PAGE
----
Cape Cod Canal and bridges
Cape Cod Canal and bridges
January 1910: The first excavation work on the proposed Cape Cod Canal began on the Scusset marshes at a point about a half mile from the shores of Cape Cod Bay. The steam excavator, seen in the distance, that began the work was brought there in sections and it required more than a month to set up the big machine.
July 29, 1914: Nantasket steamer Rose Standish trekked through the Cape Cod Canal from the Buzzards Bay end and out into Cape Cod Bay to celebrate the opening of the canal.
Dec. 31, 1926: The Bourne Highway Bridge over the Cape Cod Canal opened in May 1911. The limitations of the narrow horizontal and vertical clearance — even with the sides in the upright position — made navigation challenging. It was the site of frequent ship collisions. On June 23, 1935, the new Bourne Bridge opened and the old Sagamore bridge continued in use until midnight of the same day. Work of razing the old bridges began the next morning.
June 23, 1935: More than 30,000 automobiles traversed the great new Cape Cod Canal highway bridges on the opening of the new four-lane highways. A crowd of 100,000 witnessed the bridge dedication and parade. Hundreds of curious sightseers crossed the new structures on the wide five-foot sidewalk. This picture shows cars going across the Bourne Bridge as seen from the south.
Sept. 20, 1935: Work neared completion on the new railroad bridge over the Cape Cod Canal. The bridge weighed 2,000 tons and carried a single rail track. At the time of its opening on Dec. 29, 1935, the new bridge had the longest span of any vertical lift bridge in the United States. This span of 544 feet hung suspended from the two 265-foot-tall towers, with its lower rail 135 feet above the canal at low tide. When a train crosses, the span is lowered into place. At all other times, it hangs high above the waterway permitting ships to pass through.
July 21, 1943: An emergency crew of 75 men worked on the Buzzards Bay railroad bridge after an oil barge bound from Boston to Bridgeport with 4,500 gallons of gasoline rammed the bridge side-on to lift the whole structure several inches. The oil barge signaled for the draw just about dawn. When the bridge did not open on signal, the barge could not stop against the current and rammed the truss. The failure of the draw to open was blamed on excavation for the new railroad bridge across the canal, which caused some slight settling of the old bridge.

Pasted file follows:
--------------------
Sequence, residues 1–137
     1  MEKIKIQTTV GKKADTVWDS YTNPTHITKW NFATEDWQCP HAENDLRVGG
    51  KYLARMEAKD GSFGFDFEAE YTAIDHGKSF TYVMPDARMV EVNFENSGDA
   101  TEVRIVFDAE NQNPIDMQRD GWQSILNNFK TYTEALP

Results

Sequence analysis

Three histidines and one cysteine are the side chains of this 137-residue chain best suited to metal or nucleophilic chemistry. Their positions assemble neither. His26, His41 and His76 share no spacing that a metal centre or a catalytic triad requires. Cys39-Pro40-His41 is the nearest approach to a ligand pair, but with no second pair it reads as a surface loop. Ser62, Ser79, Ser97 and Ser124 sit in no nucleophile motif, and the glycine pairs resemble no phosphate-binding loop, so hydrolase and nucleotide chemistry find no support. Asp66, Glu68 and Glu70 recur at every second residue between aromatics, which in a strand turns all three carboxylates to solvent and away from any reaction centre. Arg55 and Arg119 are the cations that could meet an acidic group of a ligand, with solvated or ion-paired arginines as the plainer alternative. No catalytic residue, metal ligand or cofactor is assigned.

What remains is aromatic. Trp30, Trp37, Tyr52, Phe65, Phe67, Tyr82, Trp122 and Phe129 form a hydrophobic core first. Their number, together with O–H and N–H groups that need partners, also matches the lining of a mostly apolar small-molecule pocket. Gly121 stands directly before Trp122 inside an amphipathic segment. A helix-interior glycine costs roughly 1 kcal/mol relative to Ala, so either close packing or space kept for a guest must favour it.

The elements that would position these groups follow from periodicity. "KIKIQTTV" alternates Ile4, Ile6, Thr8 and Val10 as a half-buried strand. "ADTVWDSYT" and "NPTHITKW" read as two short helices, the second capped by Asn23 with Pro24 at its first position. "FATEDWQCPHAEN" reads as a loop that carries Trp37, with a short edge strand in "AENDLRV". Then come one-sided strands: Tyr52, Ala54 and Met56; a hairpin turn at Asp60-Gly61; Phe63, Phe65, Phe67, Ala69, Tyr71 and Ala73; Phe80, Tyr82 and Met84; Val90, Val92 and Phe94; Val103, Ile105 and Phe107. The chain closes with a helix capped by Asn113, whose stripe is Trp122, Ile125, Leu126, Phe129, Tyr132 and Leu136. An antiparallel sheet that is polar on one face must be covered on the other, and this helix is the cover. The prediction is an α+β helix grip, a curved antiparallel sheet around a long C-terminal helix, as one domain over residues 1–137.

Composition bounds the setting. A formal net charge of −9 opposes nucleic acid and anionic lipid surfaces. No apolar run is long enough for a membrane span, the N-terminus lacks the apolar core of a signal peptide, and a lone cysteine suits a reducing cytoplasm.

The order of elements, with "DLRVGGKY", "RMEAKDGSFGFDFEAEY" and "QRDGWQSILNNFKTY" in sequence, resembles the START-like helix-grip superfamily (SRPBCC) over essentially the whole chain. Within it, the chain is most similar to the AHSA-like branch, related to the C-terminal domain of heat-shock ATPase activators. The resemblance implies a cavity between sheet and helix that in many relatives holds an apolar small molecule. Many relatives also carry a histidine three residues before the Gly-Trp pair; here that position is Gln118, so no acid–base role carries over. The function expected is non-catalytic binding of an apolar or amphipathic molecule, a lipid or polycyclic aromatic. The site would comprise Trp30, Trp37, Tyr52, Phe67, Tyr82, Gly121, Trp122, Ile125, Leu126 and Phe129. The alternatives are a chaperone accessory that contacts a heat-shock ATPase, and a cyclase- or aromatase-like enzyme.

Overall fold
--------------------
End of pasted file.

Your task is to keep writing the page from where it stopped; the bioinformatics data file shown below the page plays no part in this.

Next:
May 28, 1970: Bridge painting freshened up the Sagamore Bridge for the upcoming summer season. While the worker in the foreground hung from a precarious looking pulley system, the man in the background appeared unattached as he worked high over the passing traffic underneath. The boys and their dogs made their way on the less busy side of the roadway.
July 15, 1972: Driven by the heat to the cooler climate of Cape Cod, motorists paid their dues in the traditional traffic jam as the Cape beckoned beyond the Sagamore Bridge. New England had just experienced its hottest week of the year and there was no relief in sight with temperatures in the 90s expected to continue. Nine miles of traffic were backed up on Route 3 by mid-afternoon.
June 24, 1980: Twelve-foot-high fences designed to discourage suicides were erected during the summer along both sides of the Bourne Bridge over the Cape Cod Canal. Similar work was done on the Sagamore Bridge. From the time police began keeping records of suicides in 1963 until the fences’ construction in 1980, 53 people had jumped to their deaths from the bridges, 70 others had threatened to leap, and eight had survived suicide attempts. Signs saying "Need someone to talk to?" with the Samaritans' phone numbers were placed at the ends of both the bridges and emergency telephone booths were at nearby rest areas.